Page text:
A couple of weeks ago I headed to Somerset House on a Saturday afternoon. Somerset House is one of my favourite London spaces; I love the neo-classical building, the fountains in the courtyard and the range of exhibitions.
That said, the last time I went to Somerset House was in August 2013. I managed to squeeze in three exhibitions that day: Blumenfeld Studio: New York 1941 – 1960; Miles Aldridge: I Only Want You to Love Me and Nicholas Hawksmoor: Methodical Imaginings. I vowed to go back more often so here we finally are, just a short eighteen months later, for the Mapping the City exhibition.
Mapping the City exhibition at Somerset House
50 emerging and established artists have created cartographic representations of cities for the Mapping the City exhibition at Somerset House. All artwork has been created by graffiti and street artists, and themes range from the biographical (Spok’s I Need an Extra 25 Years of Youth) and figural (Sixe Paredes’ Barcelona) to the conceptual (Filippo Minelli’s Nowhere Forever) and the fantastical (Will Sweeney’s Cabott Square, Canary Wharf).
“If you look at your city from a different angle, you start loving it in a new way. You realise that the city is not only about the obvious. Its about the things out of our regular focus, usually somewhere on top or in a corner, somewhere hiding in plain sight”
The usual major world city suspects get their five minutes of fame, but I found myself naturally gravitating towards maps that represented London and American cities. This certainly had more to do with my long-term interest in American cities and the fact that I like London so much I write a blog about it, and isn’t a reflection on the artwork on show.
I was particularly taken by Cleon Peterson’s The Weak and the Powerful and The Return which address the American inner city. I’m often drawn to dystopian images and these subverted the American Dream in an original manner.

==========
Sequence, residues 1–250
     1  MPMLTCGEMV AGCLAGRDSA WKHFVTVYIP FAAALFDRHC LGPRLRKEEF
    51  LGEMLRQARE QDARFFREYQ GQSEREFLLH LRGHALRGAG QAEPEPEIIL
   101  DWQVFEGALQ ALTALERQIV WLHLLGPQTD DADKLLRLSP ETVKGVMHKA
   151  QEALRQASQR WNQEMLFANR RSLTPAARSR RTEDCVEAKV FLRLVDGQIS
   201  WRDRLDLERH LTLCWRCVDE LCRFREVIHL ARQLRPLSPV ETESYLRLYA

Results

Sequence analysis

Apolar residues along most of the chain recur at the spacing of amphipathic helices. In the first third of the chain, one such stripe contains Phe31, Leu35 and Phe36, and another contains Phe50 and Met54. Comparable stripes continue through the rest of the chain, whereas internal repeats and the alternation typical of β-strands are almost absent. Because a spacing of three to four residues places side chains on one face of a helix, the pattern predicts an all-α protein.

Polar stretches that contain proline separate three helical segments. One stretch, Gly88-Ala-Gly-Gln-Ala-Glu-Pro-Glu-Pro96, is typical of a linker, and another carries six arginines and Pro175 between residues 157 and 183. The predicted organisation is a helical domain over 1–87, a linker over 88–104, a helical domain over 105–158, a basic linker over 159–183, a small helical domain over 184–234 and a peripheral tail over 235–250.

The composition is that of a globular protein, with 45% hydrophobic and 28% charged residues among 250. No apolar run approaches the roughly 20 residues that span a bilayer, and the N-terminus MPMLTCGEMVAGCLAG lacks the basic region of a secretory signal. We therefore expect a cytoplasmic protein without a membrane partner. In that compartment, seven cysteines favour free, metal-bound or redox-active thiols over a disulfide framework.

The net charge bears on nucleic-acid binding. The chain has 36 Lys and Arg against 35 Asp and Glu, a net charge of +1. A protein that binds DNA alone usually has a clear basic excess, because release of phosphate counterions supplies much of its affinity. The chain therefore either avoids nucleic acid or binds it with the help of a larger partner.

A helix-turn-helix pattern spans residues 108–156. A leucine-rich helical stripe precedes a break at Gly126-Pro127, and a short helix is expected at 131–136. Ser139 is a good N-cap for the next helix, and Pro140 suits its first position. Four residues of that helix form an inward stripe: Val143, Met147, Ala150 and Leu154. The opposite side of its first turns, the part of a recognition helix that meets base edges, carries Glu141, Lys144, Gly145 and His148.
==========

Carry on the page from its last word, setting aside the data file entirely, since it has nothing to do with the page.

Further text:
On the other side of the American spectrum I loved Overcast Angeles by Augustine Kofie, whose soft colour palette and ephemeral style represented the global image of Los Angeles perfectly.
As for London, two representations stood out to me. Tim Head’s biographical Forty Five takes you on a car journey through the streets of London. I’m rarely in a car in the city but when I am, usually at night, there is something special about seeing the city from a different viewpoint. The eco-warrior in me would love nothing more that to see the city turn of lights at night, but I can’t deny the atmosphere they create.
The second London map I loved was Cabott Square, Canary Wharf by Will Sweeney. I’ve always disliked Canary Wharf; there’s a bitter chill, the architecture is sterile and I find the area soulless. This representation, by ink and pencil on paper, warrants close inspection. There are a number of surreal elements that have replaced the ‘quotidian grind of the area’; in it’s place there’s the Canary Wharf that Sweeney would like, a ‘sometimes beautiful, sometimes blood-curling place of possibility’.
Your last chance to catch the exhibition is Sunday, so hurry on down.
Mapping the City
Until 15 February 2015